We only listed some of the most popular places you can visit in New South Wales, and there is still so much more to see. So check out Hippie Camper’s website www.hippiecamper.com  to get the best deals on your campervan rental right now!


4 Towns You Just Can’t Miss When Travelling to New Zealand

4 TownsThere are a lot  of ways and definitive signs to know you’re in love with a person: you wake up happy with the thought of your significant other or you know that time spent with them will be the best and will never be put to waste. For some, it takes time while for others, like a bullet through the heart, love comes instantly.

Exaggeration aside, it will not take you a full minute know that you’ve fallen head-over-heels in love, not a person, but with a country; and that is New Zealand. Every turn is a dream come true, every sight a marvel on its own and every activity worth taking a second (a third or even multiple) trips, and every opportunity you get to spend time here is one you should take.

If you have plans of visiting New Zealand for a few days, after the initial awestruck sensation you’re sure to have, you might find yourself extending your trip for at least a week or two. New Zealand’s biodiversity is owed to the fact that it is one of the last countries to be inhabited by humans. The “Middle-earth”, as it is fondly called after much of the Lord of the Rings trilogy scenes were filmed here, boasts of the untapped and the untouched; a fact that has paved the way for New Zealand to be marketed as “clean”, “green” and “100% pure”. There are 29 towns found in two main islands (and various islets) that make up New Zealand but the top four you shouldn’t miss are the following:

Queenstown: A Blur of Adventure

Photo by TomHall via Flickr/ CC BY 2.0
Photo by TomHall via Flickr/ CC BY 2.0

It comes as no surprise that Queenstown makes the list as one of the towns you shouldn’t miss when travelling to New Zealand. Many people would know that Queenstown is where most of the Lord of the Rings trilogy is filmed and it is one of the reasons why the resort town has become so popular.

Still, drawing most of the tourists are the promises exhilarating and literally breathtaking adventures. Scrape the skies with hot air balloon rides, cruise through the still water of Lake Wakatipu or go on heart-stoppers like jet boat rides, bungee jumping, ziptrekking, Gondola rides, hot air balloon or see the expansive surround via scenic flight to Milford Sound.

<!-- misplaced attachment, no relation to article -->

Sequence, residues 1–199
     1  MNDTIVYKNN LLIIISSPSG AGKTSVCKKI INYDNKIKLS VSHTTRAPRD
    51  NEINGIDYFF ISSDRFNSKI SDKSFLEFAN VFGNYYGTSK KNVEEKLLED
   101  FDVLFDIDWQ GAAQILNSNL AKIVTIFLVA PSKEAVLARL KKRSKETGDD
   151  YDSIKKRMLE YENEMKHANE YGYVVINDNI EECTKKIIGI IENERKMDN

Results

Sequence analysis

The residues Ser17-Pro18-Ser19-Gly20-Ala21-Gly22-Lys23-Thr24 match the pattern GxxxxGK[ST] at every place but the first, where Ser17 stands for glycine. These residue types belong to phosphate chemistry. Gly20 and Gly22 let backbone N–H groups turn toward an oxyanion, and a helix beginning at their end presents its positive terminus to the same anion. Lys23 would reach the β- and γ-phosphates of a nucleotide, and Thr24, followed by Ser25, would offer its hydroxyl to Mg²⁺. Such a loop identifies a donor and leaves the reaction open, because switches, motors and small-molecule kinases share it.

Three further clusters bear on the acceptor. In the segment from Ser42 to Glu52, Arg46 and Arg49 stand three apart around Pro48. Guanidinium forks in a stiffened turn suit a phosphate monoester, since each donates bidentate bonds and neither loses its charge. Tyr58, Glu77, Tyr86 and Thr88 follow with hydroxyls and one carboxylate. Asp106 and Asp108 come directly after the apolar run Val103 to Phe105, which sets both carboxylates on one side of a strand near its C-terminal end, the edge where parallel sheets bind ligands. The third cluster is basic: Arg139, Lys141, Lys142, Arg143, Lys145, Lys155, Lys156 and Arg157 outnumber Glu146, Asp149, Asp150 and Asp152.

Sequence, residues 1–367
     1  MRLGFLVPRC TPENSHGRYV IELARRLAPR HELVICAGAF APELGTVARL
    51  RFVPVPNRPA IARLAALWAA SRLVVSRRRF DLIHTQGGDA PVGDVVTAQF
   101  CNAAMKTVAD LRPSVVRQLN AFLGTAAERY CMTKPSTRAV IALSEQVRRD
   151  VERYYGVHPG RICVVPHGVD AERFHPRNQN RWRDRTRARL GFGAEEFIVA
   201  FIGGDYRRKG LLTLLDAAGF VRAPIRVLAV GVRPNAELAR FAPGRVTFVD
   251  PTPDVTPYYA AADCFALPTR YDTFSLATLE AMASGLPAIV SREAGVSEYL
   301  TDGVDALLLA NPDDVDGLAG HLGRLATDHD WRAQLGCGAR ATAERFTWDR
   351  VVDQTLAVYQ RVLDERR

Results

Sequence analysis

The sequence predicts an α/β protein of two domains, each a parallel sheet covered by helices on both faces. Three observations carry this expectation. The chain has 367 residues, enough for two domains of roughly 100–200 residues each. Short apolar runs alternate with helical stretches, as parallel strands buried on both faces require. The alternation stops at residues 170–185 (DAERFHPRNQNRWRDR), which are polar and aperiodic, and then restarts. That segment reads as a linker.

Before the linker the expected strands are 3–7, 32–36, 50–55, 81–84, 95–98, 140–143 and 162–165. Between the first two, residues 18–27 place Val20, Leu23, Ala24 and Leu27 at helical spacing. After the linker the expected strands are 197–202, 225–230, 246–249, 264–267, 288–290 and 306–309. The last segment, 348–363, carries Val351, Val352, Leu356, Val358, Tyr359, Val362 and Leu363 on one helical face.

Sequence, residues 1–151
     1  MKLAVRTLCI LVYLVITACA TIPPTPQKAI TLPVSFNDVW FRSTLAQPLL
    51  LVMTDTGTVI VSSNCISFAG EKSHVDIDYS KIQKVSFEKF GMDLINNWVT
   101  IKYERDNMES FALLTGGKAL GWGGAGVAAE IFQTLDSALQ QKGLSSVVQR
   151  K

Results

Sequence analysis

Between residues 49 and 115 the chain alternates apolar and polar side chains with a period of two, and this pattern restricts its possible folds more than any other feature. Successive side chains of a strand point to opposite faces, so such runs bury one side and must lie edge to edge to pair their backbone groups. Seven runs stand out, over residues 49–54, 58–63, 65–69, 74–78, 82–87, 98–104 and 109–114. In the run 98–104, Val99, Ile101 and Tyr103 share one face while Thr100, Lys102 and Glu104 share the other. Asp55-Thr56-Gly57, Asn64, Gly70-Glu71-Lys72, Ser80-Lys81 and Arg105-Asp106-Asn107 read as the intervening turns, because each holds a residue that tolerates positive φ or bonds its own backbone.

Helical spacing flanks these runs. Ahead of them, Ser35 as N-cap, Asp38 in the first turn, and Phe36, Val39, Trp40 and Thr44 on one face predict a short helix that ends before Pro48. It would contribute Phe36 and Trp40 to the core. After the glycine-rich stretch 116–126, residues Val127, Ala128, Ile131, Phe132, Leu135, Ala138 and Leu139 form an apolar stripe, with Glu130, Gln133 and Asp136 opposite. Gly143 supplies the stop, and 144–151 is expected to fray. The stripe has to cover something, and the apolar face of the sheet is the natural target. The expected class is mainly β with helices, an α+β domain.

Nature and outdoor enthusiasts will enjoyment to be aplenty with several places of interest are The Remarkables, Coronet Peak, Skippers Canyon and Shotover River, among others.

Auckland: The City and the Sea

Photo by Chris Gin via Flickr/  CC-NC-ND 2.0
Photo by Chris Gin via Flickr/ CC-NC-ND 2.0

When it comes to the marriage between the urban metropolitan and the engaging sea, Auckland puts every other region to shame. Auckland is located in the far south west of the North Island with about 1.5 million people lucky enough to call it home. Though it is the largest and most populous urban area in the country, it’s major attractions, the beaches, remain as unspoilt as can be. The sands, sun and the sea are perfect for laid-back day trips, beach walking and swimming.

Blending heritages of European, Polynesian, Asian and Maori give birth to a distinctive culture only Auckland has. In the cosmopolitan area, the tallest free-standing structure in the Southern hemisphere is one spectacular sight as well giving you eye-catching  panoramic views of the central streets through its observation platform. Another way to see the magnificent cityscape is through the Mount Eden, a volcano with a grassy crater serving as the best natural way to view the beauty of Auckland.

Aptly named Tāmaki Makaurau by the Māori, New Zealand’s indigenous tribe, Auckland is truly “desired by a hundred men”.

Rotorua: A Real Hot Spot

Photo by Jason Jones via Flickr/  CC BY-NC-ND-SA 2.0
Photo by Jason Jones via Flickr/ CC BY-NC-ND-SA 2.0

Known for spouting geysers (the most notable are Pohutu Geyser and Whakarewarewa) and  for hot mud springs, Rotorua is a literal hot spot. Seismic forces have molded the region’s landscapes into dreamlike wonders, springs flow into streams and winding gorges, perfect for tours in duck boats or through nerve-wracking adventures via high-calibre jet boats.

Tourists flock to Rotorua on a daily basis mainly for two things: to relax and to have adventures. The geothermal activities in the town have spawned spa and wellness experiences for those looking to relax. There are mud baths, massages, paddle tours, hot water beaches and even kayak tours. For adrenaline junkies, Rotorua’s landscape make for great days outdoors. One of the most extreme happen to be rafting against or kayaking through the Kaituna Cascades. Other attractions you can do are ride gravity bikes or ride the sky swing.

Wanaka: Quiet made Quaint

Photo by Geee Kay via Flickr/ CC BY-NC-ND 2.0
Photo by Geee Kay via Flickr/ CC BY-NC-ND 2.0

While Queenstown has become one of the best-known travel destinations in New Zealand, one that emerges as a less commercialised (and therefore more relaxed) resort is the humble town of Wanaka. The town lacks the hustle and bustle which gives way to experiencing the stillness and undisrupted natural beauty of the area. Lake Wanaka appeals to the relaxation-minded and is named the world’s first lifestyle reserve.